Roosevelt Institute | Cornell University

Carbon Taxes: What do They Look Like and What Can We Expect?

By Liam BeriganPublished April 14, 2014

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With the release of the most recent report from the IPCC, climate change is proving to be a major concern. Carbon dioxide emissions have been consistently increasing and this trend will only continue. Policymakers should implement carbon taxes, modeled on British Columbia's version, to mitigate greenhouse gas emissions.
However, a well-conceived carbon tax system can be poorly implemented, as seen in Australia. In July 2012, Australia introduced a carbon tax of $25 per ton of carbon dioxide on its largest emitters, which prompted severe political resistance. The tax was intended to compensate homeowners for increases in costs of living and serve as a precursor for a planned cap-and-trade program. Nonetheless, there have been continual attempts by the Australian government to repeal the carbon tax, which has fueled national and international cynicism about carbon taxes. Many critics have railed against the Australian carbon tax for being far too expensive and hindering economic growth. Additionally, only about half of the revenue generated from carbon taxes was returned to taxpayers, which have minimized future spending and investment in other sectors of the Australian economy.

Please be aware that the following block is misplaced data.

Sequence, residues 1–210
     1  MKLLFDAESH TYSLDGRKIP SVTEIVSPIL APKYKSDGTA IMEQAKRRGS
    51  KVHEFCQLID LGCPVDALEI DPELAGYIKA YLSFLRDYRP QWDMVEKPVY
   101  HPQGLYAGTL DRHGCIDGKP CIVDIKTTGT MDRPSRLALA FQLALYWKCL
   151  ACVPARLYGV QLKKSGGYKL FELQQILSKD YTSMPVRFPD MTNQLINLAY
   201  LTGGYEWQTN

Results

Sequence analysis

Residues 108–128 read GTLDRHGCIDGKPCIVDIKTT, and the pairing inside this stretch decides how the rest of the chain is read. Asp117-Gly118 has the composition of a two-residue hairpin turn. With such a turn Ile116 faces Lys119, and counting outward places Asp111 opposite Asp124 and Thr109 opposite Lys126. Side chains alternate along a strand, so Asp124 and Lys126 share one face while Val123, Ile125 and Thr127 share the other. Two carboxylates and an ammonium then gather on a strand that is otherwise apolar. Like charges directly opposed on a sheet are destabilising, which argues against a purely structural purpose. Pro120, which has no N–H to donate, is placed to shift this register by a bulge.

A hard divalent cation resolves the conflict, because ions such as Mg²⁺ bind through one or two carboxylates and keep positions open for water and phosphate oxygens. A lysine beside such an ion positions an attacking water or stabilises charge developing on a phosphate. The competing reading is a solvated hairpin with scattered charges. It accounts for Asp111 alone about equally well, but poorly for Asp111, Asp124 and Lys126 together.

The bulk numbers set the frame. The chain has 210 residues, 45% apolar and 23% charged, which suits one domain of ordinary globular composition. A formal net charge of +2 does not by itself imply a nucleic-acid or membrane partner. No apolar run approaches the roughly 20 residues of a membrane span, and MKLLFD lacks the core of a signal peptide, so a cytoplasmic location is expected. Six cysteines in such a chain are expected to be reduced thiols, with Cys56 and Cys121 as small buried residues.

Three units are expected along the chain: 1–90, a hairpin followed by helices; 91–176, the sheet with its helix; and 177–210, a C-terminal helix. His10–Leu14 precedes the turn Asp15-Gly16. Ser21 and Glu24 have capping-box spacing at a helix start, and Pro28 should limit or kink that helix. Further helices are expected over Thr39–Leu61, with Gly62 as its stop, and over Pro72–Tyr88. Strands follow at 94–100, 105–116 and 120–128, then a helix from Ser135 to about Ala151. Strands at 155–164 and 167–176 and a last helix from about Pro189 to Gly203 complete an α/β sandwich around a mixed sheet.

If implemented well, carbon taxes are excellent policy mechanisms for minimizing carbon emissions. They can provide smooth transitions to cap-and-trade programs and avoid exerting pressure on domestic economies. To facilitate major carbon reductions, countries should experiment with carbon taxes.